Neoliberal counterinsurgency, an extreme form of waging repression through private means and for private interests, is subtler than judicial repression, and more difficult to trace and hold accountable.
Julia Angwin, Jeff Larson, Charlie Savage, Henrik Moltke
Without public notice or debate, the Obama administration has expanded the National Security Agency’s warrantless surveillance of Americans’ international Internet traffic. The NSA’s activities run “smack into law enforcement land,” said Jonathan Mayer, a cybersecurity scholar. “That’s a major policy decision about how to structure cybersecurity in the U.S. and not a conversation that has been had in public.”
Authorization for the federal government's bulk collection of phone records is set to expire on June 1. Senators will return to Capitol Hill on Sunday afternoon -- and unless they extend it, authorization will "sunset" at midnight ET on June 1. The public must speak out now to close this chapter on mass surveillance.
Despite the volume of revelations, much of the public remains largely unaware of the true extent of the NSA's vast, highly aggressive and legally questionable surveillance activities. Given the vast amount of revelations about NSA abuses, it is somewhat surprising that just slightly more than a majority of Americans seem concerned about government surveillance. Which leads to the question of why?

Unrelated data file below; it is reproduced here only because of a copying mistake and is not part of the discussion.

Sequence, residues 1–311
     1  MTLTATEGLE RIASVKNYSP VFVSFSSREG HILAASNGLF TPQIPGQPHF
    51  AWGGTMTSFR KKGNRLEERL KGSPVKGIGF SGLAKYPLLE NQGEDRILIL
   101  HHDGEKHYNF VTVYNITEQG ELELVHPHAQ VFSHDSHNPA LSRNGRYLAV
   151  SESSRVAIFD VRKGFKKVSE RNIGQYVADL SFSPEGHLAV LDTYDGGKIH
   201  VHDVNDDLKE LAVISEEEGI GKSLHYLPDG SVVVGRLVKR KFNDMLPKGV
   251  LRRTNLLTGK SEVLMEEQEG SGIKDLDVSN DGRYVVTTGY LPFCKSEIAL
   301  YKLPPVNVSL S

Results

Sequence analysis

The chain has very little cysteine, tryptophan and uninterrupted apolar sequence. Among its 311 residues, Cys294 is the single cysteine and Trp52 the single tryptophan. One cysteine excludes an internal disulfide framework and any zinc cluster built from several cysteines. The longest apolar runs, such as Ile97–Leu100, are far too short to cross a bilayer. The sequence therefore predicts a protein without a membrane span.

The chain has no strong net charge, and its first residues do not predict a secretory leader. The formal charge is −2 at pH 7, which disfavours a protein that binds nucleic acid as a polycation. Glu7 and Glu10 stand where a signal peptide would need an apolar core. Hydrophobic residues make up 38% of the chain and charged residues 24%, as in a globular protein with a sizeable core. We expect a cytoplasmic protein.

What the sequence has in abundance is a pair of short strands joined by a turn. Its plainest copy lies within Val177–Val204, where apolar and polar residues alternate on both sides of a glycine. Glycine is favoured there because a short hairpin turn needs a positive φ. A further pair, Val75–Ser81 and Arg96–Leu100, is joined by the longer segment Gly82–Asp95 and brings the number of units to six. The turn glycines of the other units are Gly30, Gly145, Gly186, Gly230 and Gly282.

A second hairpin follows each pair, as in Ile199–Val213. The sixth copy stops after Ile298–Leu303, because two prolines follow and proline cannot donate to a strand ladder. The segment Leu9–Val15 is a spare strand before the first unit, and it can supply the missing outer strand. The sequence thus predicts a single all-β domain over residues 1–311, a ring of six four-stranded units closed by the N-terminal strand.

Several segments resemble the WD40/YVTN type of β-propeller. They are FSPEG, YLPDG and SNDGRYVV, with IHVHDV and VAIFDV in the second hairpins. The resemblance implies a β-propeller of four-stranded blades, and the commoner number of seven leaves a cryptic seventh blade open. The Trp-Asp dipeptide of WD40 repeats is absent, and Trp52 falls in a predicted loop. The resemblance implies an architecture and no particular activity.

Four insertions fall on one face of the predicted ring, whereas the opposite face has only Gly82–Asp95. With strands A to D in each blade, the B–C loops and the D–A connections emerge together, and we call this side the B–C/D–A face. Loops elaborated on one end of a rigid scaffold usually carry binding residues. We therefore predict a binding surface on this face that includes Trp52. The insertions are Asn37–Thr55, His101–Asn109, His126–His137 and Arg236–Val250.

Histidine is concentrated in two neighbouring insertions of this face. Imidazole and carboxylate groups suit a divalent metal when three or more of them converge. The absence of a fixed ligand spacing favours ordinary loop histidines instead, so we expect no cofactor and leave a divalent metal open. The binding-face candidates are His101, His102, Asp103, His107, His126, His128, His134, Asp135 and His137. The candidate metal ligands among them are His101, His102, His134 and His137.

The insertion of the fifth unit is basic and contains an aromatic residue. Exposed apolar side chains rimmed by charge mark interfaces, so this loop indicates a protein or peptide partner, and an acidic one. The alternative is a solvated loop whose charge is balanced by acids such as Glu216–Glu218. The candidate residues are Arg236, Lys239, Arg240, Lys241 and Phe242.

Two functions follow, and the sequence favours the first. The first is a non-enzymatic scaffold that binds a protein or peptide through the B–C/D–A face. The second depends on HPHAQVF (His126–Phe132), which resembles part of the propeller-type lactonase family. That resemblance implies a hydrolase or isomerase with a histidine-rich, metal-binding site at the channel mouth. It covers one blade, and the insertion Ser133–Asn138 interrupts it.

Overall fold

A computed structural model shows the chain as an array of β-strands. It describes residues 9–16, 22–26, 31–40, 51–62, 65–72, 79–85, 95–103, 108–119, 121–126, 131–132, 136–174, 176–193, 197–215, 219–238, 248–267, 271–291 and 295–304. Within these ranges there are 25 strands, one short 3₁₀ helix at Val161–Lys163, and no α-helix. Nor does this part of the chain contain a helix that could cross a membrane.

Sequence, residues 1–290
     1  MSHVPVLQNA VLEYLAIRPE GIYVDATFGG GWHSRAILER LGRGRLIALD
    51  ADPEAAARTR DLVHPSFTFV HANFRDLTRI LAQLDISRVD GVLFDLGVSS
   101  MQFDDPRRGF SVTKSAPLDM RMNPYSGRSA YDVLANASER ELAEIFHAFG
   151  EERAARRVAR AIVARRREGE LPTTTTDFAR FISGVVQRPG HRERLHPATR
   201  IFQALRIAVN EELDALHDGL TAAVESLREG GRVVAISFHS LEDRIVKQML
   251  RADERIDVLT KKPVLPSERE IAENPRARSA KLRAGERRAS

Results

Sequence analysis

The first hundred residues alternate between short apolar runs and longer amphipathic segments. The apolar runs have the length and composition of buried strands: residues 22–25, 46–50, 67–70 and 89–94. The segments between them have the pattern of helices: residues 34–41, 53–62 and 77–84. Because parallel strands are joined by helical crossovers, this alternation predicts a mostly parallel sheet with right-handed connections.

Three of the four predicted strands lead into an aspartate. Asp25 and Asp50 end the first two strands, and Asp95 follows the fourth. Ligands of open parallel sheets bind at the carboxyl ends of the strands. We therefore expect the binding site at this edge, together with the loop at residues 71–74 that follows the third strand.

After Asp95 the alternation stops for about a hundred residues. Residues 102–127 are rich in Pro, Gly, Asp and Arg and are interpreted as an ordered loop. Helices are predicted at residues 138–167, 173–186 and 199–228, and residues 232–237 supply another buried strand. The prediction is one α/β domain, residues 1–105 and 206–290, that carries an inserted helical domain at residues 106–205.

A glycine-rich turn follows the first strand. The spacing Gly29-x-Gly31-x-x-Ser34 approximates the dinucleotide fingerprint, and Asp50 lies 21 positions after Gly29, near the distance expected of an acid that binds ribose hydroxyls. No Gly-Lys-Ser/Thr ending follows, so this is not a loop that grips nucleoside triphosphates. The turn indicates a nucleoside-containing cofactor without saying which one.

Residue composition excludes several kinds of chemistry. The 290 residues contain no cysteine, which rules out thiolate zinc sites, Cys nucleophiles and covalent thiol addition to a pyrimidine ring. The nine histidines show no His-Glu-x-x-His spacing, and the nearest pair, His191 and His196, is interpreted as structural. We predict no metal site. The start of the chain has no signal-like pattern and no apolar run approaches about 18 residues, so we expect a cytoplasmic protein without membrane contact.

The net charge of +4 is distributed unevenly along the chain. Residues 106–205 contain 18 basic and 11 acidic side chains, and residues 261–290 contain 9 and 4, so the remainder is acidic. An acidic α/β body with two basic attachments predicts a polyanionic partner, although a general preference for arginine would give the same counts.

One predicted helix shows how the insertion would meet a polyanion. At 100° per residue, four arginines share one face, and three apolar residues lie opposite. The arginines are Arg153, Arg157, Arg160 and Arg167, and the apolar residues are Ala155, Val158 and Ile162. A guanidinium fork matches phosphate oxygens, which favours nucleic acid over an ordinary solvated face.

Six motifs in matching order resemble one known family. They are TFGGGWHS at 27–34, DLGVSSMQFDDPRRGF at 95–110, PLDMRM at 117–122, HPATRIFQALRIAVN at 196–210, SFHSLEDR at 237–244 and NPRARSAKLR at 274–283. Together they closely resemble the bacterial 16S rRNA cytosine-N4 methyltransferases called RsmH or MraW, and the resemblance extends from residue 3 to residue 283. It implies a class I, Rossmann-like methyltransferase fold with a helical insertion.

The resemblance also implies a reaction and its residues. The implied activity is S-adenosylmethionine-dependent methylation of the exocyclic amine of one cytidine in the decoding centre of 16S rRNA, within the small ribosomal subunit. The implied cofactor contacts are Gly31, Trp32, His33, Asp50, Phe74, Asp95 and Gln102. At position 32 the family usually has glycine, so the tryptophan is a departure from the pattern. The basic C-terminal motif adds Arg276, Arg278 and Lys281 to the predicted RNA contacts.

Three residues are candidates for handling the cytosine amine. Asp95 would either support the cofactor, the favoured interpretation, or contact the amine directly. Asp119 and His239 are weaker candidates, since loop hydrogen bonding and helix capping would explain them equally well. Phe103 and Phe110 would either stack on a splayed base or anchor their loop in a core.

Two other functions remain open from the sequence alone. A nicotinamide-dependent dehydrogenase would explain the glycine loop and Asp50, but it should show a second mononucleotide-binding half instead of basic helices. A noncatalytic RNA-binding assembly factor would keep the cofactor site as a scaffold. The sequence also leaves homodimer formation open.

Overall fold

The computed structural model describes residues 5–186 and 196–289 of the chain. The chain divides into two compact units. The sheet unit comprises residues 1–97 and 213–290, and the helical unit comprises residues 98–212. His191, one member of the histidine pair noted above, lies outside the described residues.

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Announcements: Walden Bello in New York; Vietnam - The Power of Protest and In Defense of the Public Square - Washington
In wake of new revelations regarding NSA and FBI targeting of prominent Muslim-Americans for surveillance, civil liberties organizations denounced the monitoring as "arbitrary and abusive." They called upon President Obama to prove the government surveillance of these prominent Muslim-Americans, including a political candidate and several civil rights activists, academics and lawyers, was not motivated by "racial or religious bias."